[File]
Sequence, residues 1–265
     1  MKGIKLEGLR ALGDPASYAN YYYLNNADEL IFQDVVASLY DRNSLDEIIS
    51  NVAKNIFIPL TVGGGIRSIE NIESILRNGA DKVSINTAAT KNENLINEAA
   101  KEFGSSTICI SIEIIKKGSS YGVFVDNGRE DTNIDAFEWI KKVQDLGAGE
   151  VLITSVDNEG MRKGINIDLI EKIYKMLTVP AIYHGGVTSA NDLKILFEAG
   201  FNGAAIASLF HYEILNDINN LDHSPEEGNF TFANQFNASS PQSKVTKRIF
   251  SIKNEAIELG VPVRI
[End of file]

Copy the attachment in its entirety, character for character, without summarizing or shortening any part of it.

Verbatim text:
Sequence, residues 1–265
     1  MKGIKLEGLR ALGDPASYAN YYYLNNADEL IFQDVVASLY DRNSLDEIIS
    51  NVAKNIFIPL TVGGGIRSIE NIESILRNGA DKVSINTAAT KNENLINEAA
   101  KEFGSSTICI SIEIIKKGSS YGVFVDNGRE DTNIDAFEWI KKVQDLGAGE
   151  VLITSVDNEG MRKGINIDLI EKIYKMLTVP AIYHGGVTSA NDLKILFEAG
   201  FNGAAIASLF HYEILNDINN LDHSPEEGNF TFANQFNASS PQSKVTKRIF
   251  SIKNEAIELG VPVRI